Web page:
An explorer of American consciousness, Timothy Leary was a psychology lecturer at Harvard before the 60s, shrooms and LSD took over his behavioural psychology research.
Whether or not you know who Dr Timothy Francis Leary is, the man is synonymous with the counterculture movement of the 1960s and the rise of psychedelic drug use. Dubbed the "most dangerous man in America" by President Richard Nixon, Mr Leary was so much more than a psychologist turned icon.
A self-described renaissance man, Leary believed strongly in humanism and individualism. As a professor in psychology, Leary regularly promoted the phrase, "turn on, tune in, drop out," to advertise the wonders of psychedelics, before his death in 1996 at age 75.
His long and extravagant career saw Leary become both a fugitive and convict, a comedian, actor, writer, and software designer, in addition to his time as an accomplished clinical psychologist at Harvard University.
LSD is a psychedelic drug which occasionally causes psychotic behavior in people who have NOT taken it. Timothy Leary
Harvard Psychedelic Project
Post World War Two, mid-century psychologists were eager to use psychoanalysis to answer why so many were reporting feelings of depression. Around this period, Psychology was about normalization, with fundamental theories aimed at 'fixing' people to allow them to return to society.
After receiving his PhD in psychology from Berkeley University, Timothy Leary came to lecture at Harvard in 1959, focusing his early research on the interaction of dimensions of personality and social relationships. Alongside Richard Alpert – later known as Ram Dass – they started the Harvard Psilocybin Project, to document the effects of psychedelics on human consciousness; learning how to operate your brain.
Lysergic acid diethylamide (LSD) and Mushrooms (psilocybin) – both legal at the time – were administered to volunteer subjects who recorded their real-time descriptions of the experience.
Between 1953 and 1973, a reported 1700 participants were involved in the studies, with the US government spending ~US$4 million (roughly $US35million today) to fund 116 studies.
Included in those studies was the infamous Concord Prison Experiment, which evaluated the application of psilocybin and psychotherapy in the rehabilitation of released prisoners.
According to the study, thirty-six prisoners were reported to have repented and sworn off criminality, resulting in a 20% recidivism rate, compared to the national rate of 60%.
"The evidence suggests that the drug is safe, that the experience temporarily provides personal and spiritual insight, and has some effect in keeping inmates out of prison."
Leary also reported that their subjects had "profound mystical and spiritual experiences, which…permanently altered their lives in a very positive manner."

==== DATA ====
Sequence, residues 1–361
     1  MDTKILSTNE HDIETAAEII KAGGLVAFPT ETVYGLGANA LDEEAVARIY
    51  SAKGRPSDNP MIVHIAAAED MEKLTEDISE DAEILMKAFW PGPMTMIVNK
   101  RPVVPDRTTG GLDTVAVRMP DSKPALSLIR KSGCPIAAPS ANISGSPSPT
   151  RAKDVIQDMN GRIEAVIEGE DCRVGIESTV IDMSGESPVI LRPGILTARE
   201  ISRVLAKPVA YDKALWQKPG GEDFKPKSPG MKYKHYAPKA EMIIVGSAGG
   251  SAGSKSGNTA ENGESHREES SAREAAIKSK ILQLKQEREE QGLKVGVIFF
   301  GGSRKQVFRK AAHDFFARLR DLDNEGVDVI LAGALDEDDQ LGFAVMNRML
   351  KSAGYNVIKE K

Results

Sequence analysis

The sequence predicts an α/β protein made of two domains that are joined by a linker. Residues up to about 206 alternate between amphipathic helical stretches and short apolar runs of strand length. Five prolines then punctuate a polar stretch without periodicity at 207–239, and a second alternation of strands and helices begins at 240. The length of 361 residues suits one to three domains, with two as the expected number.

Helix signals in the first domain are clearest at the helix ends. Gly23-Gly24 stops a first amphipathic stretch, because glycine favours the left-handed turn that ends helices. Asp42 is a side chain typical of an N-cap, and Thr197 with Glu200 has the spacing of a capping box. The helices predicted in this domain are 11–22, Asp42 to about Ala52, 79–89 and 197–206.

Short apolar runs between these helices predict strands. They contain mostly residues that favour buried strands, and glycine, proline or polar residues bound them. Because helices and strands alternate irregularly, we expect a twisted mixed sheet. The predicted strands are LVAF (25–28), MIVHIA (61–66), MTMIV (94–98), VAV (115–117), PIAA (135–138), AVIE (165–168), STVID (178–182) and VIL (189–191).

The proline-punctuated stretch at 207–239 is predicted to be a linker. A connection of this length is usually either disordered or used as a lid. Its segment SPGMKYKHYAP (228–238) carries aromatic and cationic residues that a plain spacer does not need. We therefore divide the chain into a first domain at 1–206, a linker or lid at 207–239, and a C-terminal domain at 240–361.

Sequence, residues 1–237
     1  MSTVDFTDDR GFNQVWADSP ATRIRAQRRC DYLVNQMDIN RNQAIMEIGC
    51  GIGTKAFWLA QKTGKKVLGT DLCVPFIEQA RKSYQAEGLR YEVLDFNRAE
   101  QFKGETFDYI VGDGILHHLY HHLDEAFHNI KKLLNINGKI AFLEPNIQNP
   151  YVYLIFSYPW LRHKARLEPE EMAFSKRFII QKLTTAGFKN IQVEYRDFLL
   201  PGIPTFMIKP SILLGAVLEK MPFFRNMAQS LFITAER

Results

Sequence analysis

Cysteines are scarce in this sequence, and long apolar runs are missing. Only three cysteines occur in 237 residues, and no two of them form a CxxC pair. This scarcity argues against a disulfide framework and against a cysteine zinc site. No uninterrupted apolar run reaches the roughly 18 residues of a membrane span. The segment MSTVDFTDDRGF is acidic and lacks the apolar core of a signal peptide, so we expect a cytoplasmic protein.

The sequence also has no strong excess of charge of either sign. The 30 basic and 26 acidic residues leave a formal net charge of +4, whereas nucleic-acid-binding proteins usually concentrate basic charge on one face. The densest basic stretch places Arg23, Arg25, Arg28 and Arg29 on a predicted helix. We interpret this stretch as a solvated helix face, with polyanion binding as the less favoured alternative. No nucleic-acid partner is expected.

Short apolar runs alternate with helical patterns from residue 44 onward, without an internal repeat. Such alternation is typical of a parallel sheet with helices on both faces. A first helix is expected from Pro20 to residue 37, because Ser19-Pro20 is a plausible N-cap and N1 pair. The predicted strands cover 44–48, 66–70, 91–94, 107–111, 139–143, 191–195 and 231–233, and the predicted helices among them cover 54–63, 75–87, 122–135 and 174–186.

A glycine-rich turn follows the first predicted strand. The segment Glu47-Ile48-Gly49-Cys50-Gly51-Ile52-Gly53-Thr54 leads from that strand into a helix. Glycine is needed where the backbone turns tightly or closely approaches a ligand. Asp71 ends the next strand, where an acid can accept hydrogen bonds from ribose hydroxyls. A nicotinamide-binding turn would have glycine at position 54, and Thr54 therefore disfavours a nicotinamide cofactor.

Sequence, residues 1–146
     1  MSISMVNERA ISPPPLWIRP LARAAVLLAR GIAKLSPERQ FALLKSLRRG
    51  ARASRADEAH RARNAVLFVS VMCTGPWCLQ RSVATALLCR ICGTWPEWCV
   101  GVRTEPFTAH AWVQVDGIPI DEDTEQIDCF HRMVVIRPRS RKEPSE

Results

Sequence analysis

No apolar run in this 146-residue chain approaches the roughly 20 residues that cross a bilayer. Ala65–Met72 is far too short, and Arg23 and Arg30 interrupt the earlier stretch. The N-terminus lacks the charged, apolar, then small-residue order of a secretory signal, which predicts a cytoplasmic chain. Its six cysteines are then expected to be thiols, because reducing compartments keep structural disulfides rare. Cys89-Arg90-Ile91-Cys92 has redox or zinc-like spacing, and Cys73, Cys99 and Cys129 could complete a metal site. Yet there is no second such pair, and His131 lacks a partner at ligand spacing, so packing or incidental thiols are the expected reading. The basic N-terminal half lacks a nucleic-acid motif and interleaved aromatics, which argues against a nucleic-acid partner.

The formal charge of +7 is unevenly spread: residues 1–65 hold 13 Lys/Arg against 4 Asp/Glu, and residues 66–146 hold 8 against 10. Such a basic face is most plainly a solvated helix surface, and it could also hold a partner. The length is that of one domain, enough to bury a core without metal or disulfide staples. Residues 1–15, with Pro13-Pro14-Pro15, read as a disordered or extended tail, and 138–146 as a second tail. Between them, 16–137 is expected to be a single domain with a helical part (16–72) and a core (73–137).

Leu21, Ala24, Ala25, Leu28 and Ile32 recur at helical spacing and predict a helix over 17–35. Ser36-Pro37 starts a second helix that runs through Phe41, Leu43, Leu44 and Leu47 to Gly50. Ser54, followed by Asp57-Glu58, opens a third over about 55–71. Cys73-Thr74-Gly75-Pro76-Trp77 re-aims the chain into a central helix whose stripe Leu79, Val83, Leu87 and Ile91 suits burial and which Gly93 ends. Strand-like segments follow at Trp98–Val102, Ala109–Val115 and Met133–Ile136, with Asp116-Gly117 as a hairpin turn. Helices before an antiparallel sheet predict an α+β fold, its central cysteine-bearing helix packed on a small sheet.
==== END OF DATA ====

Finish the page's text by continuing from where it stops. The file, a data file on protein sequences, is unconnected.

Though one participant did describe the project as a bunch of guys doing their best impression of Owen Wilson, "wow."
However, by 1962, many faculty members and administrators at Harvard concerned themselves with the safety of Leary and Alpert's research subjects, in addition to criticizing the "unorthodox methodology" of conducting the experiments while also under the influence of psychedelics.
In a last-ditch effort to continue the experiments, Leary and Alpert founded the International Federation for Internal Freedom (IFIF) in 1962 in Cambridge, Massachusetts. However, as a result of increased pressure and opposition, Alpert was fired from Harvard in 1963 after the university learned he had administered psilocybin to an undergraduate student off-campus. Leary, on the other hand, was let go for skipping scheduled lectures to conduct his psychedelic experiments.
Welcome To The LSD Mansion
Spiritual ecstasy, religious revelation and union with God are now directly accessible.Timothy Leary
Free from the shackles of research and regulation, Leary was able to indulge further into the world of psychedelics with the help of the Mellon family fortune. In 1963, siblings Peggy, Billy, and Tommy Hitchcock gave Leary a 64-room Mansion estate in Millbrook New York, where the psychedelic sessions continued.
Reconstituted under the Castalia Foundation, the former IFIF sought to cultivate the divinity within each person and regularly joined LSD sessions facilitated by Leary.
"The elusive aim of these group sessions was to break through to the other side without losing the love and radiance of the acid high during the crucial reentry period. Various methods were devised to facilitate a permanent spiritual transformation."
In a now-famous 1966 Playboy interview, Leary was described as "not only the messiah but the martyr of the psychedelic movement."Although, even Leary in that same interview stated, "none of us yet knows exactly how LSD can be used for the growth and benefit of the human being."
"It is a powerful release of energy as yet not fully understood."